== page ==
Ah well, interesting vid, great way to stave off 5 minutes of work.

    • Jabor says:

      If you look at the “leaping” effects again, you’ll notice that the already-built stuff is in fact jiggling around between frames.

    • asterismW says:

      I didn’t see a single thing I wouldn’t believe couldn’t be done by hand.

      Wow, that was awkward. Let’s try that again:

      I totally believe it could, and was, done by hand. I don’t think the rotation effect would be all that difficult; it’s the camera that moves, not the scene. All they’d have to do is move the camera the same amount inbetween each shot. And it would be a piece of cake to rig the camera up on a track. It’s not like they’d take the camera away, change the scene, and try to line up the shot again. And I agree with Jabor, the pieces aren’t stock still, and do in fact jitter a bit.

      So, kudos to Rymdreglage. You guys did something that would drive me absolutely bonkers inside of ten minutes.

    • Shinan says:

      http://www.rymdreglage.se/8.html on that page there are a couple of “making of” photos. It seems a lot of parts were moving (camera, table, everything). They also had multiples of the figures shown.

  10. Josh R says:

    It’s been a long time since I’ve got my lego out…

    Nope, still no desire to.

  11. theonlymegumegu says:

    My absolute favorite part is the pong bit.

  12. […] Amazing video, made mostly out of Lego, featuring all things related to the 8-bit era. I love the sprites from International Karate +, one of my favorite C64-games. The PacMan and Pong sequences are very well made too. (via twentysided) […]

  13. Zak McKracken says:

    I’d like to leave a serious comment discussing wether this thing could/should be automated in blender, but a large part of me is still screaming “THIS IS SOOOOOOOOO AWESOME” in my head that I think I’ll have to wait until the echo fades.
    Then I’ll watch it again, wait until that echo fades too. Repeat that until I can think normally again, and then weep for a day because I don’t value this great work as much as it deserves.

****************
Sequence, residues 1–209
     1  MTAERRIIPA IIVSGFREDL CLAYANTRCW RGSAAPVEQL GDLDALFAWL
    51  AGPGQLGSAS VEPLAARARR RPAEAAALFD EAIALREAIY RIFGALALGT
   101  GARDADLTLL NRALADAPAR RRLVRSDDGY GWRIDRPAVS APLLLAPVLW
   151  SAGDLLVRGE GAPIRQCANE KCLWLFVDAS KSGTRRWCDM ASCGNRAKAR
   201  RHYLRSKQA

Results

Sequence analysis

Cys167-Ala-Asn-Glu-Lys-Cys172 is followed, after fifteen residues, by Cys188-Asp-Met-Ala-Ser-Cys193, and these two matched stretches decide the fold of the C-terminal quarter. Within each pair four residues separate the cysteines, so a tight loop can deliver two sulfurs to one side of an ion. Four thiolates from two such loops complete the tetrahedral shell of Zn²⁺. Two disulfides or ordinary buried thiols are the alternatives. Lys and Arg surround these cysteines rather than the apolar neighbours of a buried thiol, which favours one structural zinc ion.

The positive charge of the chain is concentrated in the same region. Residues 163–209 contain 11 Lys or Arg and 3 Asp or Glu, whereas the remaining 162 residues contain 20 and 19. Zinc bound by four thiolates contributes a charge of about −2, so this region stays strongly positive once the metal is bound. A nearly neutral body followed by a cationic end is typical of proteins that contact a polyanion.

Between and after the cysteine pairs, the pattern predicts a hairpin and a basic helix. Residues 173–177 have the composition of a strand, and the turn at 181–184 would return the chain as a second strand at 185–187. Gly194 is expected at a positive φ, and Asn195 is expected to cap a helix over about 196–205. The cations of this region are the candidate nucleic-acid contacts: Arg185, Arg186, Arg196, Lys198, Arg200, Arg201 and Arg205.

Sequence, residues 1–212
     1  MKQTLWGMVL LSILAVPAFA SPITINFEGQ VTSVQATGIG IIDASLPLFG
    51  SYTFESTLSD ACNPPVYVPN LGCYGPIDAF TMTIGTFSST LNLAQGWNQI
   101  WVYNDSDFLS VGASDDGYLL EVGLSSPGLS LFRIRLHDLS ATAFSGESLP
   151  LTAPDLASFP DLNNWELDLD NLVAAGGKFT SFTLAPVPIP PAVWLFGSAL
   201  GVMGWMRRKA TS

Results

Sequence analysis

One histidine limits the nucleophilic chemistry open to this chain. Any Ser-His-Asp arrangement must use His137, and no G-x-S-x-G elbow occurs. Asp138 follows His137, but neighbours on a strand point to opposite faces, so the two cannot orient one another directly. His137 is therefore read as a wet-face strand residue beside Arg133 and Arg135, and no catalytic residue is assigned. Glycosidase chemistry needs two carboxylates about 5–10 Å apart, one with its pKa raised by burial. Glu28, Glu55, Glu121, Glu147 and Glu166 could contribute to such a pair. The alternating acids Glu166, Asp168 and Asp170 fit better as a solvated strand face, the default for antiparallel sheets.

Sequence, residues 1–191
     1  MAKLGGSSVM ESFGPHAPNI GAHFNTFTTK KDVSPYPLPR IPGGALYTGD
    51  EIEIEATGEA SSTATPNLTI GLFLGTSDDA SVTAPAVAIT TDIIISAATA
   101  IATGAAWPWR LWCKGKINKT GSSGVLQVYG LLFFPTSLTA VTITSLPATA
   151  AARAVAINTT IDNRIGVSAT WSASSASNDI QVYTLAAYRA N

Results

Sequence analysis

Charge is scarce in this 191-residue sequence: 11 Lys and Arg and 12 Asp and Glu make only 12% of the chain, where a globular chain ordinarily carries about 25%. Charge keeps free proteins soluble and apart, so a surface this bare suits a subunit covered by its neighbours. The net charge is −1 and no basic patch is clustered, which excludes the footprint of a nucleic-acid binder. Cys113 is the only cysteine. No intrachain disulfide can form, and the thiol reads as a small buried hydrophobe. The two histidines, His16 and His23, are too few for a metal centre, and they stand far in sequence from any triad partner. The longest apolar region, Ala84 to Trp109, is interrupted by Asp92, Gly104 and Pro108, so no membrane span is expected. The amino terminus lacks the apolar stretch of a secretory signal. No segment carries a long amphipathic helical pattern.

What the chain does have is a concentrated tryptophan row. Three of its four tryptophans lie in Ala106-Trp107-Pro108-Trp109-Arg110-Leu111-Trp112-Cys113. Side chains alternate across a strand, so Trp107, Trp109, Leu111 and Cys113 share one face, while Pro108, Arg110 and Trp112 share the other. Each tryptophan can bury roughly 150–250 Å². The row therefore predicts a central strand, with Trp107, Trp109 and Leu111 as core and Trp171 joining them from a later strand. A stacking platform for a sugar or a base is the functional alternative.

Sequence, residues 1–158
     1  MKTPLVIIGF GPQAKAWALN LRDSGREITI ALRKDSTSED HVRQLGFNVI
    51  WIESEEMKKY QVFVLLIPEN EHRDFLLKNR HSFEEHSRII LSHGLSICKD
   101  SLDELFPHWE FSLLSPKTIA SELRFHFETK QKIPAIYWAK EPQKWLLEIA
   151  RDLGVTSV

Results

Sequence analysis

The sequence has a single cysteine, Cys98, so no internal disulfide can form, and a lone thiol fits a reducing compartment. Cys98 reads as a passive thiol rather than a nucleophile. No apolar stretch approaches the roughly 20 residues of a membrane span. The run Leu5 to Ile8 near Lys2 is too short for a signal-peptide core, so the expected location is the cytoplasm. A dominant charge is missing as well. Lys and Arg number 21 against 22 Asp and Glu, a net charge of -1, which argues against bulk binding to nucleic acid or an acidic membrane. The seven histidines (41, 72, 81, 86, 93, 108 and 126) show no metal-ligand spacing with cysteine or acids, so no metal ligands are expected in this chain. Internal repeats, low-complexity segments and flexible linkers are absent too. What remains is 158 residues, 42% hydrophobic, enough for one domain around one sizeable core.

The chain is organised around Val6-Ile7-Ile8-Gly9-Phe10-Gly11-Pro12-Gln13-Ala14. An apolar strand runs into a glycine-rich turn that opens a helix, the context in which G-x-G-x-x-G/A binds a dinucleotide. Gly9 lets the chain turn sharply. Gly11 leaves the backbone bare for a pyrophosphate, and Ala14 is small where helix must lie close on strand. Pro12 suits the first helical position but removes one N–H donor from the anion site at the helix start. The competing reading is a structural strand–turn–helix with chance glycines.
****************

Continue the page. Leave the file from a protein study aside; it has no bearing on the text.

And then maybe I can comment again.

  14. Josh R says:

    On replaying in highest definition, you can clearly see the reflections of other lego blocks on the sides of other ones. No idea how to code anything but I would imagine that would be pretty hard to do for every single block…

    • tfernando says:

      I’m not great with blender, but I think if you’re light sources and mats were set up correctly that wouldn’t be a problem. (I don’t see anything in the video that makes me think it wasn’t done by hand though). Perhaps someone with 3d experience could weigh in?

      But… 1500 hours is 3/4 of a full work year! If you’re willing to put that kind of effort into a 3 minute video, you’re probably also willing to build a rendering farm out of old boxes and raytrace everything! :)

    • Volatar says:

      Raytracing is only hard when your doing it in real time. You can do pre-rendered bits no problem.

  15. Steve C says:

    I think it was really lego that they filmed but they used software to plan out each frame. Having a computer generated template to build from is the only way I can imagine they could get the fluidity in some of the scenes. Especially the 2 dimensional scenes like the NES controller floating around in the background. So yes really built in lego, but designed via CAD.

  16. Meredith says:

    Doing this with a computer program would absolutely destroy the wow-factor. It would be just another shiny graphic and not really an accomplishment at all.

    These kinds of projects just blow me away for the sheer amount of effort and patience required. I have nowhere near the patience or finesse to do anything even approaching this level of awesome and I totally respect the people who do take the time.

    They spent 62.5 days’ worth of time working on this, so that we could spend 3 minutes watching it and go ‘cool’ before moving onto the next thing the internet has to offer. Just something to think about.

    Edit: Not that I haven’t also been amazed by computer programs before and I know how much effort they require. It just wouldn’t be the same, somehow.

  17. ZomBuster says:

    See this short movie for pretty good cgi lego:
    http://www.youtube.com/watch?v=OinrOnjzH_A

    It’s still pretty noticeable but they do actually do stuff with it that is impossible with ordinary lego stop motion, which is cool.

One Trackback

  1. […] Amazing video, made mostly out of Lego, featuring all things related to the 8-bit era. I love the sprites from International Karate +, one of my favorite C64-games. The PacMan and Pong sequences are very well made too. (via twentysided) […]